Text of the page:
Attorney General of Arkansas — Opinion
Opinion Delivered June 27, 1995
WINSTON BRYANT, Attorney General
The Honorable Morril Harriman State Senator and Chairman Legislative Joint Auditing Committee 172 State Capitol Little Rock, Arkansas 72201-1099
Dear Senator Harriman:
This is in response to your request, on behalf of the Legislative Joint Auditing Committee, for an opinion on whether Garland County may lawfully donate fifty thousand dollars to the City of Hot Springs for the Arkansas School for Mathematics and Sciences (ASMS) project. Specifically, you indicate that during the 1993 audit of Garland County, the Division of Legislative Audit noted this donation and reported that it was in apparent conflict with Article 16, § 11 and Article 12, § 5 of the Arkansas Constitution.
It is my opinion that Garland County may lawfully and constitutionally make the donation at issue.
Article 16, § 11 of the Arkansas Constitution, one of the provisions cited by the Division of Legislative Audit as a prohibition to the donation, provides as follows:
No tax shall be levied except in pursuance of law, and every law imposing a tax shall state distinctly the object of the same; and no moneys arising from a tax levied for one purpose shall be used for any other purpose.
I assume that the Division of Legislative Audit believes that the donation of this money might result in a tax levied for one purpose being used for another purpose. Although it is not clear from your question, I assume that the funds comprising the donation come from general fund moneys, that is, taxes which are levied for the general purposes of government, and which were not levied for restricted or particular purposes. In such case, the tax moneys are not diverted to “any other purpose” unless the purpose is one for which county general funds could not be spent.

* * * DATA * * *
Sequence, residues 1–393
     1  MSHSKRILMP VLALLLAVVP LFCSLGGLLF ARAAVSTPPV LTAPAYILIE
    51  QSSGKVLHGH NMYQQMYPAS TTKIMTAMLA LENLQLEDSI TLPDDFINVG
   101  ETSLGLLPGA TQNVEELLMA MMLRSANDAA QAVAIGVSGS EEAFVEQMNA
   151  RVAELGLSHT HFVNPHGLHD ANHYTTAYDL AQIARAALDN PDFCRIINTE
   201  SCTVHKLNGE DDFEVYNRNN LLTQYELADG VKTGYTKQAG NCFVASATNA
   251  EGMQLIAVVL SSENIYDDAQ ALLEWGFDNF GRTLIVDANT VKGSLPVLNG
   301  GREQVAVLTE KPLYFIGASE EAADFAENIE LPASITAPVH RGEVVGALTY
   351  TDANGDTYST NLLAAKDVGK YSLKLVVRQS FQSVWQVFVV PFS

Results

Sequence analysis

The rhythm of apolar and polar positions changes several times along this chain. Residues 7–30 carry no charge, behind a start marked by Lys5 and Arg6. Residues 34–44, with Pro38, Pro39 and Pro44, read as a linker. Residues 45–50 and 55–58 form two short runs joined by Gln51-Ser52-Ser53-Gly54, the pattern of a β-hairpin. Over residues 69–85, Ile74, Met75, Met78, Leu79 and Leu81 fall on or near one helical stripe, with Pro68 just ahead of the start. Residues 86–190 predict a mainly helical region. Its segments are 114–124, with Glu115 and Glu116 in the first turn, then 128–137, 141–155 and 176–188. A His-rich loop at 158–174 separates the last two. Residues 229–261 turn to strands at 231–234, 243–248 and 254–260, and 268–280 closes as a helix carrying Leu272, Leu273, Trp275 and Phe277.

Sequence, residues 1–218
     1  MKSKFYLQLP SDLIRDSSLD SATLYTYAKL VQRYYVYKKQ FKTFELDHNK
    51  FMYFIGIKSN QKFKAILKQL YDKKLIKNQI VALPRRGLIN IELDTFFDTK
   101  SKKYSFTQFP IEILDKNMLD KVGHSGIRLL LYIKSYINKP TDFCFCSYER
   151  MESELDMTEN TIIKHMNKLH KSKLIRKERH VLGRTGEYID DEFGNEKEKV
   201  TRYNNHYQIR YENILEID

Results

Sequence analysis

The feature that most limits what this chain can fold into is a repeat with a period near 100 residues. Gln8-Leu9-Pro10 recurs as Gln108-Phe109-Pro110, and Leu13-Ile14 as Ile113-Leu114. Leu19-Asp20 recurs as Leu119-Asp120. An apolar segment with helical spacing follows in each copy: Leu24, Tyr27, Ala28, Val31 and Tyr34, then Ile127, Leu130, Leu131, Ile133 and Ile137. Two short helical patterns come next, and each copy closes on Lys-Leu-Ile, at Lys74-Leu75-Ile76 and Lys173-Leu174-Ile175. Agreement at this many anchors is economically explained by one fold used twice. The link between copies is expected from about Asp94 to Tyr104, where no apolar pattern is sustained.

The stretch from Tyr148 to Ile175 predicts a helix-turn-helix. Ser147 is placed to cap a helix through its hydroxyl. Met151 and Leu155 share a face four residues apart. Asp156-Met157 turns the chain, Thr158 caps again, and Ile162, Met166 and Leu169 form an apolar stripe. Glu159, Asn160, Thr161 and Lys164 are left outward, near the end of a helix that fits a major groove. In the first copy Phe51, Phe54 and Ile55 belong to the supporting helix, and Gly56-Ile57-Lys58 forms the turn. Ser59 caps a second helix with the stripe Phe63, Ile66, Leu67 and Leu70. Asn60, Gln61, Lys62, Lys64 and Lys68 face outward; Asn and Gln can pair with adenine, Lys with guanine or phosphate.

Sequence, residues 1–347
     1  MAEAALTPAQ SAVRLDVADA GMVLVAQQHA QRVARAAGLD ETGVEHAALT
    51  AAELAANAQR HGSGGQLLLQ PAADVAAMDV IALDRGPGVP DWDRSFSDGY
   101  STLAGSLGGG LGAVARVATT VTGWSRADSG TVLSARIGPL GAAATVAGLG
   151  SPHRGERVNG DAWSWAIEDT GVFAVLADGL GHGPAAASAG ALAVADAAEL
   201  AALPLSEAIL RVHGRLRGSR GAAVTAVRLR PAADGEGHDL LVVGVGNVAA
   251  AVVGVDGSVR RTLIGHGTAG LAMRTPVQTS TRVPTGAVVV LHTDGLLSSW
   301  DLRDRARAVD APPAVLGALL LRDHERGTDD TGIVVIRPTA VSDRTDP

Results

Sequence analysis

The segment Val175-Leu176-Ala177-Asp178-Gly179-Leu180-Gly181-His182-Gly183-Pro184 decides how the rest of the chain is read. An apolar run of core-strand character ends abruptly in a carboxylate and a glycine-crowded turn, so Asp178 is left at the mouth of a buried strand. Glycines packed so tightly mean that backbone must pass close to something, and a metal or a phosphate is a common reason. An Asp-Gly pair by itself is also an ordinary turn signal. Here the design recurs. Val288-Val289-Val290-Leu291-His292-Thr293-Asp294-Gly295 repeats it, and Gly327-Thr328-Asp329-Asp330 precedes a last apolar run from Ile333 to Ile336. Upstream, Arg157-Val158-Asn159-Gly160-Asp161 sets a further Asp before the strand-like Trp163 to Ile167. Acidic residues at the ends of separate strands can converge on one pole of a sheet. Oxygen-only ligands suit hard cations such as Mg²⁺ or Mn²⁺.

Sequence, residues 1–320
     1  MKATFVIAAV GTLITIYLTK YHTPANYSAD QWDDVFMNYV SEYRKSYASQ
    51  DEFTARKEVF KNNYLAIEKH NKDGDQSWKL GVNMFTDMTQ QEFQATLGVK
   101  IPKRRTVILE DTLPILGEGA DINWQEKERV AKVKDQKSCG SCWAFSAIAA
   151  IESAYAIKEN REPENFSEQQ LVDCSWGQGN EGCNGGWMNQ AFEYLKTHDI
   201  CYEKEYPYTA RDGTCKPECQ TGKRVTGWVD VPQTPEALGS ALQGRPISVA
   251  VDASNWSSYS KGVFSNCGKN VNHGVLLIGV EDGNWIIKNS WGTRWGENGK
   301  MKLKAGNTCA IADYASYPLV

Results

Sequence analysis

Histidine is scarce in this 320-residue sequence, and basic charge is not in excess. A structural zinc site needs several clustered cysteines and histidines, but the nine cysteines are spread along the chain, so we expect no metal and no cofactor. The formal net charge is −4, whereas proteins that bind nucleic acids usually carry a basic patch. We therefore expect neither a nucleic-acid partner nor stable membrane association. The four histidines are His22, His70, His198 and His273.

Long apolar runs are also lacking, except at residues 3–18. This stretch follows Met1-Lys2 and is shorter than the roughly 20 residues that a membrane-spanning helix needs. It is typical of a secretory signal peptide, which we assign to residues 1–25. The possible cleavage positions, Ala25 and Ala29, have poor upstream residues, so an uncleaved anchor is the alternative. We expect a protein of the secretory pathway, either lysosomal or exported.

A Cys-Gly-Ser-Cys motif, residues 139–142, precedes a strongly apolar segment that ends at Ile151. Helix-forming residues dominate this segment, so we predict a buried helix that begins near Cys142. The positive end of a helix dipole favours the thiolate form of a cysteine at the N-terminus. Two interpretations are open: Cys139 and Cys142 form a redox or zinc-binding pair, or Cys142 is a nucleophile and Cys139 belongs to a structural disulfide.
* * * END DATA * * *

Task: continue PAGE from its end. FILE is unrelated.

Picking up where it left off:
It is my opinion that the donation is a proper use of county funds. As was noted in Op. Att’y Gen. 95-046, recently issued by this office, a county may, “for any public purpose, contract, cooperate, or join with any other county, or with any political subdivisions of the State or any other states or their political subdivisions, or with the United States.” A.C.A. § 14-14-801(b)(4). Additionally, it has been held that cities and counties may make contributions for public purposes where the General Assembly has designated the activity to be benefited. Kerr v. East Central Arkansas Regional Housing Authority, 208 Ark. 625, 187 S.W.2d 189
(1945). The General Assembly, in establishing the Arkansas School for Mathematics and Sciences, has stated that: “[t]he board [of trustees of the ASMS] is authorized and empowered to receive contributions, donations, gifts, bequests of money, other forms of financial assistance and property, equipment, material, or personnel from persons, foundations, trust funds, corporations, organizations, and other sources, private or public, to be expended and utilized for the operation of the school.” See A.C.A. § 6-42-204, as amended by Acts 558 and 559 of 1995.
Additionally, it is my opinion that the donation is not violate of Arkansas Constitution, Article 12, § 5, which provides that:
No county, city, town or other municipal corporation shall become a stockholder in any company, association or corporation; or obtain or appropriate money for, or loan its credit to, any corporation, association, institution or individual.
This office has consistently opined that this provision does not prohibit the appropriation of moneys to other public entities. See again, Op. Att’y Gen. 95-046, at n. 3, and Op. Att’y Gen. 92-250.
It is therefore my opinion that the donation in question is not unlawful under these constitutional provisions.
The foregoing opinion, which I hereby approve, was prepared by Deputy Attorney General Elana C. Wills.
WINSTON BRYANT Attorney General